The conflict between India and Pakistan which led to being unable to coexist together arose as early as 1916 between two significant figures in Indian history. Jinnah, known well as the creator of Pakistan (muslim), and Mahatma Gandhi, Indian nationalist leader (hindu), were at the forefront of these early disputes. Jinnah, unlike Gandhi, believe government and religion were two entirely different issues that should not be intertwined ever. By around 1940, Jinnah had gathered many followers and convinced Muslims to fight for their own separate homeland that would be free for all religions alike. At this time in history violence arose. Keep in mind, the British had total rule over India during these events. As time progressed, more violence occurred and eventually it was declared that India and Pakistan would be split. While this was a very general summary of the conflict and lead up to the partition, there is much more that played into the government, religion, and control at the time.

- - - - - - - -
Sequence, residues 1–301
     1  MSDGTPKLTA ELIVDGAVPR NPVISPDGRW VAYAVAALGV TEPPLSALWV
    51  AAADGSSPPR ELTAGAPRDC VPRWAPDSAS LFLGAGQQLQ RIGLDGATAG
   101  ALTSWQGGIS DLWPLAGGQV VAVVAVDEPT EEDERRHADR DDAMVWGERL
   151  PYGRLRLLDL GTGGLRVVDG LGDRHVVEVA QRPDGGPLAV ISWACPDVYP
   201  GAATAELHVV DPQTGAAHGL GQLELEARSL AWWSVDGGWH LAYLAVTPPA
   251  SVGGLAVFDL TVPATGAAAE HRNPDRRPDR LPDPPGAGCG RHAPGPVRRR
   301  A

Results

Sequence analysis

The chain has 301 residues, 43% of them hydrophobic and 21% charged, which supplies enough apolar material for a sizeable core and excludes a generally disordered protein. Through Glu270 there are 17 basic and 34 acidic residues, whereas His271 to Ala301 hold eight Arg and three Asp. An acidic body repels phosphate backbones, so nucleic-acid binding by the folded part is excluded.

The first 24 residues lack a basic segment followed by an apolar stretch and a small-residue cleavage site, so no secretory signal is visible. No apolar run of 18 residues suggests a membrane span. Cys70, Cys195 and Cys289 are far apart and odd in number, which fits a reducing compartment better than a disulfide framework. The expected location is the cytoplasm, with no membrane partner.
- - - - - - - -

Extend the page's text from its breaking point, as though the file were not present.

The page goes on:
The more I learn about this topic, the more angry I get to think that this type of history is not discussed in many schools. In a recent article I read, I was struck by a quote: “Partition is central to modern identity in the Indian subcontinent, as the Holocaust is to identity among Jews, branded painfully onto the regional consciousness by memories of almost unimaginable violence.” (www.newyorker.com)
For more information take a look at this article on the timeline of events regarding the partition:
Dalrymple, William. “The Great Divide.” The New Yorker. N.p., 22 June 2015. Web. 19 Sept. 2016.